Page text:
You may have come across the term ‘the paradox of failure’. It’s the idea that failure can actually produce success – but how does that actually work, in real terms? In this article, we’ll explore how failure can occasionally be a great thing for you to succeed in business.
Feelings of Failure
All of us have experienced failure at some point in our lives. These failures go by a variety of names: ‘errors’, ‘mistakes’ or ‘mishaps,’ to name just a few. Failure can take many forms, but generally speaking, it produces the same emotional response. When we fail, it doesn’t feel good. We may seek to avoid taking the same action – in order not to experience those feelings again.
Looking at Things in a Different Way
When you’ve experienced failure, it’s tempting to say to yourself “I’m never going to do that again, no matter what!” It’s the safer option, with minimal risk involved, so it’s hardly surprising it’s an appealing choice.
However, sometimes it pays to view failure in a different light. Rather than swearing never to try again, thinking about how you can do things another way. How can you tweak your approach in order to get what you want? In short, how can you learn from your failure, and go on to achieve bigger, better things?
Accepting Failure as a Part to Succeed in business
The following is a story that illustrates the point.
A younger man asked a successful older businessman “How did you get so successful?” The older man simply replied, “Good judgment.” “Well,” persisted the young man, “how do you get that?”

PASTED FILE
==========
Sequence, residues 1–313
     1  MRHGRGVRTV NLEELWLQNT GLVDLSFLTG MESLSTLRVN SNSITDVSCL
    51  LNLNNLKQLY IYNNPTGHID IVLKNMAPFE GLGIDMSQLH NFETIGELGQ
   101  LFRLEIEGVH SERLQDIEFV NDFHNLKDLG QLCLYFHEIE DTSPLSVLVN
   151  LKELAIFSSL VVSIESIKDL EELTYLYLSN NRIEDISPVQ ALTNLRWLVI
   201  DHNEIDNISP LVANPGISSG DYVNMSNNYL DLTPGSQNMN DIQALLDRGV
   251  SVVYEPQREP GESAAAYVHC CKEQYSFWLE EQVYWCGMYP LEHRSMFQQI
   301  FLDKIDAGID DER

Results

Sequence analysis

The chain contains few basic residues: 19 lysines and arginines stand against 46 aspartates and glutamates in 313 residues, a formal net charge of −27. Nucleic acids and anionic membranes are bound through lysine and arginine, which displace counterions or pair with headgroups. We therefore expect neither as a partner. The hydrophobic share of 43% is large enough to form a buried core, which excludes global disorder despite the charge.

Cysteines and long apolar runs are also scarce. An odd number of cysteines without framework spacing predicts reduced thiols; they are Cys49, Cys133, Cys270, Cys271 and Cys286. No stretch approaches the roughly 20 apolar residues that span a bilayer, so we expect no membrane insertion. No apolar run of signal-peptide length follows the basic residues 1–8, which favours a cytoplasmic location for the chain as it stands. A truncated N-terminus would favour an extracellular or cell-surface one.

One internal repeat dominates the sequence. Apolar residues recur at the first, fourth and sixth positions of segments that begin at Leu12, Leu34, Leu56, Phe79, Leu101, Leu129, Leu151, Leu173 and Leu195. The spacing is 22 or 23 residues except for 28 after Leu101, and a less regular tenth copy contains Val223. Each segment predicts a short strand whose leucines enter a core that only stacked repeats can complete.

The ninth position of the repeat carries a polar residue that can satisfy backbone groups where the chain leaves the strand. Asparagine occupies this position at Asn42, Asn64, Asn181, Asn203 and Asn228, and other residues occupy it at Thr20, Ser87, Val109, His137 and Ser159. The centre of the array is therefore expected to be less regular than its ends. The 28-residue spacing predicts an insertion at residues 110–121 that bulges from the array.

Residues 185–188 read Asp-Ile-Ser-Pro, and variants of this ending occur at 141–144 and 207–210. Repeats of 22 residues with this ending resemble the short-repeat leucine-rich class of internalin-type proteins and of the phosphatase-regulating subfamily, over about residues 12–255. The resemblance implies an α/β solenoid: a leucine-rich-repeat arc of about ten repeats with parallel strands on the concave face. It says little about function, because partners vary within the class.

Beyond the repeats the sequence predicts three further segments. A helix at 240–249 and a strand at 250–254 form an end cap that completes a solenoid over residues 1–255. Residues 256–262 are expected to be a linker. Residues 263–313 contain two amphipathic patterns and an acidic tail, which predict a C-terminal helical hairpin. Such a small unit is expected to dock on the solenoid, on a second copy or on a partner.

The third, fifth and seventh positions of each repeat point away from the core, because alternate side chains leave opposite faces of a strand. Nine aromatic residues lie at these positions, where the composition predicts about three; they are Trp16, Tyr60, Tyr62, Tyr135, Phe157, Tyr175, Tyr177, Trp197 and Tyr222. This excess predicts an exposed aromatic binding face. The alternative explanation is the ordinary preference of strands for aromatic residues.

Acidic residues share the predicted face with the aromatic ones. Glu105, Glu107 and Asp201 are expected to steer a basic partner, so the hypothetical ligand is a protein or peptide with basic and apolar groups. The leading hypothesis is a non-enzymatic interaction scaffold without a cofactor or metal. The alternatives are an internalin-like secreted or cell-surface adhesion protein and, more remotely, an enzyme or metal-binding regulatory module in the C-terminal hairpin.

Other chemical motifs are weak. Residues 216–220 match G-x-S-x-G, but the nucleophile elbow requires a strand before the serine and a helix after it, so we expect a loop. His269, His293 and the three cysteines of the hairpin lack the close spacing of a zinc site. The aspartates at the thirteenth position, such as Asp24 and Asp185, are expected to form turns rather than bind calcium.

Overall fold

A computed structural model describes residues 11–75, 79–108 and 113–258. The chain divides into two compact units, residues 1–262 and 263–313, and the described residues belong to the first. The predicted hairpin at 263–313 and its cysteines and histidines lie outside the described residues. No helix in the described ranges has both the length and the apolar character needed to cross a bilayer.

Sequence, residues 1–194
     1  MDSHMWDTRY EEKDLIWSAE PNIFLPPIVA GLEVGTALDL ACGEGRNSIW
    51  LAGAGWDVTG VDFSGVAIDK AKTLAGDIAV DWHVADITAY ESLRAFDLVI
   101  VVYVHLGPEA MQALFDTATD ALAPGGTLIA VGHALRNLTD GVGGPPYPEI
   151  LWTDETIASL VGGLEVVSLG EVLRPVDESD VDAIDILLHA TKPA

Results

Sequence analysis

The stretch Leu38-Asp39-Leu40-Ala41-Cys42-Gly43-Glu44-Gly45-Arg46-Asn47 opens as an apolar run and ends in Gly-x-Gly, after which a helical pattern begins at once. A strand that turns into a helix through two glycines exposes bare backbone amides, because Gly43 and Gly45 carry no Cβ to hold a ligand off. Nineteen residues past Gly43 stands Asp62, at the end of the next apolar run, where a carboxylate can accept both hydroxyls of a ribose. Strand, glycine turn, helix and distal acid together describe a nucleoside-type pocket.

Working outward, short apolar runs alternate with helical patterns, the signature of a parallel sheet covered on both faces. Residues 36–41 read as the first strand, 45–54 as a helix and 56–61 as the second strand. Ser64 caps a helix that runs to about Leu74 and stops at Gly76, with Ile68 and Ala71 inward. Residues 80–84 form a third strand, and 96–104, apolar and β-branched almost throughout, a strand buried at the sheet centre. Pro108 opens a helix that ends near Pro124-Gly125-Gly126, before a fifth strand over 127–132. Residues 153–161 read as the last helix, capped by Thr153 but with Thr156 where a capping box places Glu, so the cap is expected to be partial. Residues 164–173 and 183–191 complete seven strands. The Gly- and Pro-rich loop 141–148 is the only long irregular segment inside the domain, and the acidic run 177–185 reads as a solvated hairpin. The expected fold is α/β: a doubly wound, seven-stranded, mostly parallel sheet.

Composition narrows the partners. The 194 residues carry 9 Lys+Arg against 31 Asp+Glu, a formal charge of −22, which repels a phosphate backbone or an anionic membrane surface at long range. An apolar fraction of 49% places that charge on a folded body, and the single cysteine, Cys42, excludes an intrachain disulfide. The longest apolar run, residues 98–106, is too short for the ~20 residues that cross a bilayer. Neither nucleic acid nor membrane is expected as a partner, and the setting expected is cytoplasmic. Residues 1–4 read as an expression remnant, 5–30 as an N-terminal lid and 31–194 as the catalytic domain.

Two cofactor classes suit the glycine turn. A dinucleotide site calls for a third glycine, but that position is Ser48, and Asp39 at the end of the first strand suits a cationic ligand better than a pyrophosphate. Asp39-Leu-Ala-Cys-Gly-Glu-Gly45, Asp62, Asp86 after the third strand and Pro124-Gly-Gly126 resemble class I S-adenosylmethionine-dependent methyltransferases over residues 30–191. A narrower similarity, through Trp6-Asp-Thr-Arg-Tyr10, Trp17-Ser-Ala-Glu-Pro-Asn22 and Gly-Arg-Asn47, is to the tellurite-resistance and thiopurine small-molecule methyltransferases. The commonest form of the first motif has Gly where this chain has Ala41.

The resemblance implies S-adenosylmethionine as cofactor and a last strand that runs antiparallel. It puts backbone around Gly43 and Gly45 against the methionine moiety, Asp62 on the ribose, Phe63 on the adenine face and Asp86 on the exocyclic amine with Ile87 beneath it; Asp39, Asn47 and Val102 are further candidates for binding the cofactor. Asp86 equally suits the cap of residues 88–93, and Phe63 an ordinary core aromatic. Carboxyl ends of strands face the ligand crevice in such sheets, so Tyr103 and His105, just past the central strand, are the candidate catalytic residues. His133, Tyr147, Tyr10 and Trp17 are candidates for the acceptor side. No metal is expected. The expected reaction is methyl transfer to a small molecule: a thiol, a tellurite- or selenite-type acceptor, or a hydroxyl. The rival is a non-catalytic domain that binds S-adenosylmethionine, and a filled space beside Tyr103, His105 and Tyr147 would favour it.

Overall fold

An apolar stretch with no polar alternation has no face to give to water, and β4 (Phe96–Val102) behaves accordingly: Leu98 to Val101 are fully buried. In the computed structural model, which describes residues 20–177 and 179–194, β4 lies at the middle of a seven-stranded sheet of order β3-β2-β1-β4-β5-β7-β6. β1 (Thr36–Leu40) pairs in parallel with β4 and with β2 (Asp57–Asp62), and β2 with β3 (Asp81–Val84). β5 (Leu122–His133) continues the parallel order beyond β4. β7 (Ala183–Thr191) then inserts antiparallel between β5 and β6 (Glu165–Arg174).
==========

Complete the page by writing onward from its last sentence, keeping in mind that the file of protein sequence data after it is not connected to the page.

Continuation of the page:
The elder man replied with one word. “Experience.”
“Okay,” said the young man, “so how can you get that?”
The elder man answered: “Poor judgment.”
The story summarises the potential of failure – that is, the opportunity to learn from it.
How to Get Good Business Experience
If we understand that good judgment comes from experience, how do we go about getting that experience in the first place? From my experience, there are two ways to achieve this. You can either learn from doing it yourself (your own personal failures), or learn from others (the failures of other people).
Guess which way is much easier and a lot less painful?
When faced with a business decision, you can either make the judgment call and move forward yourself, learning along the way; or you can learn from the decisions of others. Ask yourself what other businesses have done in similar circumstances – how did it work out for them? If they failed, what lessons can be learned from this? If you’re not sure, get a Business Mentor who is more experienced than yourself and learn from that person. There’s so much useful knowledge to be gleaned from the mistakes of others – all it takes is a little bit of research to discover more.
“In business, decisions require resources to implement. Decisions made with poor judgment cost even more. ” Raymond Huan